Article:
BEIJING (AP) — U.S. Secretary of State Rex Tillerson acknowledged on Saturday that the United State is maintaining direct channels of communications with North Korea even as tensions rise over the North’s nuclear and missile programs and the countries’ leaders spar through bellicose name-calling.

Tillerson said the U.S. was probing North Korea’s willingness to talk, and called for a calming of the situation on the Korean Peninsula, adding it was incumbent on the North to halt the missile launches.
“We have lines of communication to Pyongyang. We’re not in a dark situation, a blackout,” Tillerson told reporters during a visit to China. “We have a couple ... three channels open to Pyongyang. We can talk to them, we do talk to them.”

No elaboration about those channels or the substance of any discussions came from Tillerson, who met with Chinese President Xi Jinping and other top officials in Beijing.

Since President Donald Trump took office in January, the U.S. has restored a diplomatic back-channel between the State Department and North Korea’s mission at the United Nations. That’s traditionally been a way for the two sides to communicate because they lack formal diplomatic ties.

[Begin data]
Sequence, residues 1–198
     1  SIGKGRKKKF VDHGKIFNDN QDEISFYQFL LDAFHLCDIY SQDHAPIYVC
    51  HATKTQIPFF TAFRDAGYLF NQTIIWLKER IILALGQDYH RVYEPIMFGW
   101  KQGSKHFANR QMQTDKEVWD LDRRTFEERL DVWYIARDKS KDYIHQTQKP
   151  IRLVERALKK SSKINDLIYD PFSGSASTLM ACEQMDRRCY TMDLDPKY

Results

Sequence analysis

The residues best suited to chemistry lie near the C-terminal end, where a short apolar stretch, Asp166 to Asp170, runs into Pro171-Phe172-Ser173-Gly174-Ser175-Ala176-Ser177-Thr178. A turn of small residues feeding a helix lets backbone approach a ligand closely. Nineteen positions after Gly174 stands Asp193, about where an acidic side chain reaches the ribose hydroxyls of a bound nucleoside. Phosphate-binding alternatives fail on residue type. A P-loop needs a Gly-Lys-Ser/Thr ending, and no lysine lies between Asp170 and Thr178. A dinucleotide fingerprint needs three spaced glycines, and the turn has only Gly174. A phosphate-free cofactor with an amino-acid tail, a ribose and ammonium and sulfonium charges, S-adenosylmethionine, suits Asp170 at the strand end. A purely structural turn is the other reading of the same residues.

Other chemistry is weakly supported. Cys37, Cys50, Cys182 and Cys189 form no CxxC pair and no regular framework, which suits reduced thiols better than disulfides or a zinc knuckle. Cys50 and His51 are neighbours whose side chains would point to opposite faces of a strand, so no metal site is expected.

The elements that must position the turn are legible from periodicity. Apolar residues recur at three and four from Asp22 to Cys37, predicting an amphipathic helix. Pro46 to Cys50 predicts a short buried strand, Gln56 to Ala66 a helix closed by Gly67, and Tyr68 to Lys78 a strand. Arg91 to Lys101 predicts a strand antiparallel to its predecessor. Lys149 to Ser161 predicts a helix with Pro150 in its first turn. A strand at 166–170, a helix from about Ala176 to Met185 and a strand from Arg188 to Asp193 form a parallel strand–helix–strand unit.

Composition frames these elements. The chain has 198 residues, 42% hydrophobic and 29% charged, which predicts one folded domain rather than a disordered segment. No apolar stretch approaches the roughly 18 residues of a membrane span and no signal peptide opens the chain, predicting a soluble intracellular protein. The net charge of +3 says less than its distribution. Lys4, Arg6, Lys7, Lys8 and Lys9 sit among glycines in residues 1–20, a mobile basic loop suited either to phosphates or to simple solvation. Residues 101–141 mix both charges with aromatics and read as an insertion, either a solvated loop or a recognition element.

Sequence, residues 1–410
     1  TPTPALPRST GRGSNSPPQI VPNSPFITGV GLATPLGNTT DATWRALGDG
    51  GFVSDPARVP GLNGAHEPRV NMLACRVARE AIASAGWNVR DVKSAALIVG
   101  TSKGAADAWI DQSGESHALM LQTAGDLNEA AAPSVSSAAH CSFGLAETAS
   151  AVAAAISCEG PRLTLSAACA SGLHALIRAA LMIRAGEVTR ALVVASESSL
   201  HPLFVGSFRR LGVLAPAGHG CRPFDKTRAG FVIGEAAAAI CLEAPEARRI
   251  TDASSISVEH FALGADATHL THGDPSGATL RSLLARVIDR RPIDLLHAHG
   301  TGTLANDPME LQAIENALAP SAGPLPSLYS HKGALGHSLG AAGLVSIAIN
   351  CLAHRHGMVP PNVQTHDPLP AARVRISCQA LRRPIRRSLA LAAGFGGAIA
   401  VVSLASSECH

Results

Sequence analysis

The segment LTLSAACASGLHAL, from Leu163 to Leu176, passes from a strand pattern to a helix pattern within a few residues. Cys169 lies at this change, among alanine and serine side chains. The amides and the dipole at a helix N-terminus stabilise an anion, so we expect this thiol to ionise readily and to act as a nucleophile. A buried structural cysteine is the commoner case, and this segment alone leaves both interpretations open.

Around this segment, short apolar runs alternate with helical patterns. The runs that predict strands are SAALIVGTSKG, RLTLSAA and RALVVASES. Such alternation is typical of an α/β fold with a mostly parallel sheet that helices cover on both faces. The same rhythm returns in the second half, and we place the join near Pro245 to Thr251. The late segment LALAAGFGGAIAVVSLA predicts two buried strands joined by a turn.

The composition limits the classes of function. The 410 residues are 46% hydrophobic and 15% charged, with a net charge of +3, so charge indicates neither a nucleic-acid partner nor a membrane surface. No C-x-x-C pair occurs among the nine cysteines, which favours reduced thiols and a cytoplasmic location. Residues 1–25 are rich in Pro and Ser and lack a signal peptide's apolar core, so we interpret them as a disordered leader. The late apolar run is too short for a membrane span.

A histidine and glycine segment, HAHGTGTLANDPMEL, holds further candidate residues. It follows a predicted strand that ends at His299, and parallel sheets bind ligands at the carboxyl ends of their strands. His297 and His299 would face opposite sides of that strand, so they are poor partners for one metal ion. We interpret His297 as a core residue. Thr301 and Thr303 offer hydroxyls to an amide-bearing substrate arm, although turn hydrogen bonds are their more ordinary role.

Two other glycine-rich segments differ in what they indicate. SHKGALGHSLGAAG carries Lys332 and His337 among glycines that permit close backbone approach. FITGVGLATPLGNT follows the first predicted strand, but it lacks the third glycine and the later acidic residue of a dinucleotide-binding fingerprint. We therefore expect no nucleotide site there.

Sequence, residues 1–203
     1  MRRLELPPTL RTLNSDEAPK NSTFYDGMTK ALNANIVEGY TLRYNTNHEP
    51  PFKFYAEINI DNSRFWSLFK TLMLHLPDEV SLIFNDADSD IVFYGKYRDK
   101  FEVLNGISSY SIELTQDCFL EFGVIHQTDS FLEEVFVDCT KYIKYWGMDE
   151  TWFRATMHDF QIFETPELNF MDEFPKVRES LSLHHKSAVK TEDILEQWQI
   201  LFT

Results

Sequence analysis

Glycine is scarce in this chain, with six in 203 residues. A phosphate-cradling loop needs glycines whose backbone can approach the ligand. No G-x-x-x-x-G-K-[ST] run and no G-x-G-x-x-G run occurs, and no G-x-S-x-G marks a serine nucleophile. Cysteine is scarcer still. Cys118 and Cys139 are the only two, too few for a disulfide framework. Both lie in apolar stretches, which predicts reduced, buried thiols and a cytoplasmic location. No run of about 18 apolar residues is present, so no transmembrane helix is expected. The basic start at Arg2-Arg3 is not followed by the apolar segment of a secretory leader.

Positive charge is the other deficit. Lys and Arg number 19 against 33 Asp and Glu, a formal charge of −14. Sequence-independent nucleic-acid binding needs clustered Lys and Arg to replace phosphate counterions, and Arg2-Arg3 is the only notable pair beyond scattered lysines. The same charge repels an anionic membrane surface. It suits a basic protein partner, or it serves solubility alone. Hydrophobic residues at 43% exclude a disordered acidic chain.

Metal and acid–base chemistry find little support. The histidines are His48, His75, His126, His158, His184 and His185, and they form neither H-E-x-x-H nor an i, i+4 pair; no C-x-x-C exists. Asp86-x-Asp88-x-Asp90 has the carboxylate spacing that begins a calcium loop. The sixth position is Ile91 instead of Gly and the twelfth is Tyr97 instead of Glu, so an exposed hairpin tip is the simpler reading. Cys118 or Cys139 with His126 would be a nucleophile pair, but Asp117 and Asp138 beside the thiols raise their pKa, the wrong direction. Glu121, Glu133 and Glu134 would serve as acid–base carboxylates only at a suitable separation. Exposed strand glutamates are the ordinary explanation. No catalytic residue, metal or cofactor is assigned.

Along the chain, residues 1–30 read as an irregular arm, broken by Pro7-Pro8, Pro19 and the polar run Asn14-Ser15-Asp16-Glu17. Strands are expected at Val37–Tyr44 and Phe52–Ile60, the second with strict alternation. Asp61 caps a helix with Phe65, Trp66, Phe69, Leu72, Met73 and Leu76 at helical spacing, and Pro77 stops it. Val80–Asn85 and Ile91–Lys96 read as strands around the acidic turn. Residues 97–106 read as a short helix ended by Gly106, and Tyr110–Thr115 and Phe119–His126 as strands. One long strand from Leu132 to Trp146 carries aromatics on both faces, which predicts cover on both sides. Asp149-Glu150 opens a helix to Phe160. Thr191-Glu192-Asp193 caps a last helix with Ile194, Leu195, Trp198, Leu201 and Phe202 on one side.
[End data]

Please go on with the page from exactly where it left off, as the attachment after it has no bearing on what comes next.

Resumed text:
Secretary of State Rex Tillerson is meeting with Chinese leaders for discussions on trade and North Korea. He is calling for a calming of the situation on the Korean Peninsula. (Sept. 30)

The main aim of the initial contacts was to seek the freedom of several American citizens imprisoned in North Korea, although U.S. officials have told The Associated Press that there were broader discussions about U.S.-North Korean relations. Those contacts, however, have failed to reduce the deep mistrust between the adversaries and it’s unclear to what extent they have endured the current spike in tensions.

North Korea has in recent months tested long-range missiles that potentially could reach the U.S., and on Sept. 3 conducted its largest nuclear test explosion to date. The standoff has entered a new, more dangerous phase since then as North Korean leader Kim Jong Un and Trump have exchanged personal insults and threats of war.

“I think the most immediate action that we need is to calm things down,” Tillerson said. “They’re a little overheated right now. And I think we need to calm them down first.” He did not directly address the impact of Trump’s own rhetoric.